Good Isn’t Good Enough When It Comes to Sustainable Revenue Growth

Wayne O'Neill and Nancy Ursey, from HNTB Architecture, at the 2016 SMPS National Conference

Wayne O’Neill and Nancy Ursey, from HNTB Architecture, at the 2016 SMPS National Conference

The feedback I got from people who attended my talk on Revenue in Plain Sight at the Society for Marketing Professional Services (SMPS) Build Business 2016 national conference in August was remarkable on so many levels.

The first thing I was struck by was the diversity of the attendees. There were people in mid-career, Millennials, even top executives of various construction firms.

Even with those diverse backgrounds, they were telling me the same thing: We’re doing well – but we’re not being proactive about growth.

Ask a person from a typical successful firm and you’ll hear …

  • We’re doing great!
  • 110%
  • Repeat work
  • We’re blowing the doors off
  • We’re winning so much work!

But what I was hearing after the talk was …

  • As good as we’re doing, we’re not leading in ways that give us a shot at maximizing profitable sustained growth
  • The more I think about it, there are a lot of things sitting around us that we are not proactively shaping

In other words, they were winning work, but they didn’t see what was staring them in the face until my talk opened their eyes to it.

Seeing the Work

To “see the work” means to see the opportunities sitting right in front of you. To notice what you have been missing all along. Or maybe you’ve subconsciously noticed it, but you haven’t talked about it.

Everyone has opportunities that have been staring them in the face, going completely unnoticed. Spotting them is a learned skill (this is what I teach as a coach and speaker – and what I’ll really get hands-on with in our upcoming Rapid Fire Interactive Event).

At my SMPS talk, attendees scratched the surface of learning to see the work. Their eyes started to open to the possibilities, and they quickly went from “We’re doing great!” to “Maybe there are more opportunities we could be capturing.”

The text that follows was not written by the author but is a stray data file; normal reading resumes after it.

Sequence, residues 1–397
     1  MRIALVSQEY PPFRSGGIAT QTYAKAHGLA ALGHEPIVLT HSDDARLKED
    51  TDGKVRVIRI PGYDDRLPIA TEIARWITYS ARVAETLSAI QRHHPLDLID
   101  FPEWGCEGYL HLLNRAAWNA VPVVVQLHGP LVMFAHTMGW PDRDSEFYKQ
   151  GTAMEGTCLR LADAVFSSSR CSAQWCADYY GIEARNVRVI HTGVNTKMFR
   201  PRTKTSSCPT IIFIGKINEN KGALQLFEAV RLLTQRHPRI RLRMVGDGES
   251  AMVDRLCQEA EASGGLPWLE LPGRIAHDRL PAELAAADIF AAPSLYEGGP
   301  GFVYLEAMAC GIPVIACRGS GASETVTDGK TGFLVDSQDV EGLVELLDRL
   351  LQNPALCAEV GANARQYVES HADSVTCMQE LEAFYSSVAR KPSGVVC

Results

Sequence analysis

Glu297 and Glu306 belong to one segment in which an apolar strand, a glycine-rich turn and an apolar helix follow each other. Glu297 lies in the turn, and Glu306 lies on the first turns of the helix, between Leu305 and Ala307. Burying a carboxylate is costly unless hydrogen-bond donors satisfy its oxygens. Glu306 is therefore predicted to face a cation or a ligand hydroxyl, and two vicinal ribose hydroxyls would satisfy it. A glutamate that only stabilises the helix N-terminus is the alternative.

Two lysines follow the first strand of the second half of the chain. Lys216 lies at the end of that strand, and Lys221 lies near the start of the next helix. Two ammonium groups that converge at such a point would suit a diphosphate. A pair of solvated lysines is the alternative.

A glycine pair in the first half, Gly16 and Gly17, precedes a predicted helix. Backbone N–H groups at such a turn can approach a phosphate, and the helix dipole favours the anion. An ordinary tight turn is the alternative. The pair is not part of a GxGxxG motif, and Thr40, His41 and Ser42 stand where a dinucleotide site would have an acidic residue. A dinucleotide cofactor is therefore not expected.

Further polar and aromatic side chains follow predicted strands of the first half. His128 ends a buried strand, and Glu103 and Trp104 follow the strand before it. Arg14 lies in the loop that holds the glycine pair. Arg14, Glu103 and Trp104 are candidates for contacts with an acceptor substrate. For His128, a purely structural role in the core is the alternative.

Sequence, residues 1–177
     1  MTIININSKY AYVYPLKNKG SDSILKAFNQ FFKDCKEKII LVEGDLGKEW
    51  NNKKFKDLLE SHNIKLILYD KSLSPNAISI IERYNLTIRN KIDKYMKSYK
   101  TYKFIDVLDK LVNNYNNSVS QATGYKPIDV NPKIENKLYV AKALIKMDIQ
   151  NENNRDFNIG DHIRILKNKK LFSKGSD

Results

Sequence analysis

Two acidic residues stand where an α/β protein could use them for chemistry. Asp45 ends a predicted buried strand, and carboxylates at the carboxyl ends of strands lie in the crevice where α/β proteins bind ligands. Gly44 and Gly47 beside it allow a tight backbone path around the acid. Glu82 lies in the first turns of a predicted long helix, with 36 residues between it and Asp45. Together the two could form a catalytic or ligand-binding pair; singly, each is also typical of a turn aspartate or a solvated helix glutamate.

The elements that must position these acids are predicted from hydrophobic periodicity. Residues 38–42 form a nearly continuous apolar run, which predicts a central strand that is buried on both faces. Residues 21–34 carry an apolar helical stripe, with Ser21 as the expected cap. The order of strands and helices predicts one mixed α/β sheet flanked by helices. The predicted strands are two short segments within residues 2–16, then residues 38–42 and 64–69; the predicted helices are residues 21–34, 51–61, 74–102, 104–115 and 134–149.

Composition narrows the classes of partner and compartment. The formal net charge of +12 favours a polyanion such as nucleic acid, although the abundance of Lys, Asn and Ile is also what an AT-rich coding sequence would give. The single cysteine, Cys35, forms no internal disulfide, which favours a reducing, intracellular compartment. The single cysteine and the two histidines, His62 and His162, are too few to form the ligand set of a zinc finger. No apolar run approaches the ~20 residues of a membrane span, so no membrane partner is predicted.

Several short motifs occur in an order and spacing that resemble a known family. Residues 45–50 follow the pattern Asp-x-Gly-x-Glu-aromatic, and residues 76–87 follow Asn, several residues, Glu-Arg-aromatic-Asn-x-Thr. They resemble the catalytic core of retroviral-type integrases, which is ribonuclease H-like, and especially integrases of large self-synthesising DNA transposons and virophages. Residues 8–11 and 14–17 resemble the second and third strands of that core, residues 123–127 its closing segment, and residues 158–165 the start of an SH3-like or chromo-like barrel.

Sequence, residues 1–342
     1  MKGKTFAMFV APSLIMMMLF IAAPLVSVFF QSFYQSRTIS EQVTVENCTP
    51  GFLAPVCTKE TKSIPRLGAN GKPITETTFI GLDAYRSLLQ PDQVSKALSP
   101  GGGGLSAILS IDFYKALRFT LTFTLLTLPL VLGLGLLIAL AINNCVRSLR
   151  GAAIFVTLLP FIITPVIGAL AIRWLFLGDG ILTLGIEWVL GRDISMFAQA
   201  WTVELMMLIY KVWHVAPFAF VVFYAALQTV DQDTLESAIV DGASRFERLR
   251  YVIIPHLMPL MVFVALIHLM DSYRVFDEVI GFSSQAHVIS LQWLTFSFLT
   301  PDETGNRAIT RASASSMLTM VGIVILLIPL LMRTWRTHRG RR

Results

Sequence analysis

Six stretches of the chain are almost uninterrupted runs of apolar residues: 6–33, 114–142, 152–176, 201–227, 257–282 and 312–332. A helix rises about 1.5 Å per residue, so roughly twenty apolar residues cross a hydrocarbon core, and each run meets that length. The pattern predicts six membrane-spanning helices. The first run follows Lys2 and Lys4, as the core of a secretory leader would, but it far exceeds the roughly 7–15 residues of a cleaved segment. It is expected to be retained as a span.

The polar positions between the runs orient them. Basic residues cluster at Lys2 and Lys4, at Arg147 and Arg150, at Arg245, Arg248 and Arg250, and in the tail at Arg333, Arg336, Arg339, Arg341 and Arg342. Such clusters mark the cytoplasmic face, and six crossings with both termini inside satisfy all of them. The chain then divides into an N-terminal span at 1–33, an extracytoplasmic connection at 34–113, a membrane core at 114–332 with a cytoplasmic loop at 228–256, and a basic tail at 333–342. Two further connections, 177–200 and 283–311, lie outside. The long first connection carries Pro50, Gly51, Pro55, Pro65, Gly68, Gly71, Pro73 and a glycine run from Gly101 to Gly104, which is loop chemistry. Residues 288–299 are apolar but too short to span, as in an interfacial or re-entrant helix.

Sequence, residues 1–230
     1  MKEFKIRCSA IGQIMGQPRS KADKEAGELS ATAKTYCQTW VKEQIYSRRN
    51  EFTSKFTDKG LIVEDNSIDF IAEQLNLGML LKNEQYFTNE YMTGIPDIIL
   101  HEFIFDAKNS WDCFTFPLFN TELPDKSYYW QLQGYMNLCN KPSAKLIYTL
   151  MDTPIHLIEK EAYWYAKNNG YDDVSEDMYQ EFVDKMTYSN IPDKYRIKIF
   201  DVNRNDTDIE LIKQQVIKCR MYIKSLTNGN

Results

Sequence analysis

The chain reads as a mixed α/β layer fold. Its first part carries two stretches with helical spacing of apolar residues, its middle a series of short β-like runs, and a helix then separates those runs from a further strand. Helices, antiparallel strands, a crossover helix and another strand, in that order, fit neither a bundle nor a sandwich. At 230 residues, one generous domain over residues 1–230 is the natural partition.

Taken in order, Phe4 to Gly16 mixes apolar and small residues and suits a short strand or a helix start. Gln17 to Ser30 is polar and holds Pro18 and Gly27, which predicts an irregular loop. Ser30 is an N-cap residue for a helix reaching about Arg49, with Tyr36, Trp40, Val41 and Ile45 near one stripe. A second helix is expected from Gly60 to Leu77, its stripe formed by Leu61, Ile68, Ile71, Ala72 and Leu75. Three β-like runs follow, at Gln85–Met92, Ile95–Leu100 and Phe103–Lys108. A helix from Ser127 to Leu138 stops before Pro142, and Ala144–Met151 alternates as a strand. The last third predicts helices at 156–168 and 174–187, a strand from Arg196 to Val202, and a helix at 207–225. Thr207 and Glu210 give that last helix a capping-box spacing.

When you see the work, projects can be secured in a much more evenly paced manner. This enables the top leadership – particularly the top technical and operational leadership – of those firms to plan for the resources needed to deliver.

Secondly, when you see the work you can shift to more account-based revenue so you won’t hit the panic of hiring then wondering what to do with the employee after the original scope winds down.

It’s a really good spot to be in. It’s not about individual projects, it’s about accounts.

With how many people reached out to me after the talk, or responded to my request for feedback, it’s clear that not seeing the work is a pretty pervasive problem.

Making the Time to Dig In

Another thing I kept hearing was “I wish the talk was longer.”

The talk was an hour and 15 minutes! And I was very interactive, providing feedback and coaching on specific audience issues.

I’ll tell you why an hour and 15 minutes wasn’t long enough, though.

A lot of people came in thinking their companies were in pretty good shape, and they left thinking that maybe they weren’t doing as well as they thought they were. In that hour and 15 minutes, they learned there are things they could be doing to go from “good” to “outstanding.” It surprised them – especially the folks from healthier firms.

This is why we created our Rapid Fire Interactive Event.

We understand that people often need more time with us to learn what we are teaching, but they aren’t always ready for 1:1 coaching.

Our Rapid Fire sessions are four hours long and we dive really deep with a group of 35-40 people. We give 20-25 examples of work hiding in plain sight, across the country and in different verticals. We really get into the details of how to see the work. We show you where it’s hiding, what the business and political issues are that surround it, and how to use those issues to communicate the value of working with you. We go through the account shaping process so you pull out of project-based thinking and shift to account-based thinking.

Rapid Fire isn’t a talk – it’s a forum where everyone can ask questions and get coached on their specific issues. It’s interactive – not just with me, but with everyone in the room. We don’t just sit, we do the work.

The Bottom Line

I work with billion-dollar firms and struggling firms alike, and they have the one thing in common. They’re not scooping up every opportunity that’s right in front of them.

I invite you to join us at the next Rapid Fire Interactive Event on Tuesday, Sept 27 at the Hotel Sorella in Houston. You can find more information here on our website.

Though I love speaking about revenue hiding in plain sight, I’m also actively speaking about:

  • Leveraging stewardship equity
  • Leveraging operational savings that attracts equity investment
  • The difference between connecting and presenting
  • How to know that your firm is really growing

Keep an eye on our Speaking page for upcoming talks, or reach out to Maurielle Balczon to hire me to wake up the attendees at your event.


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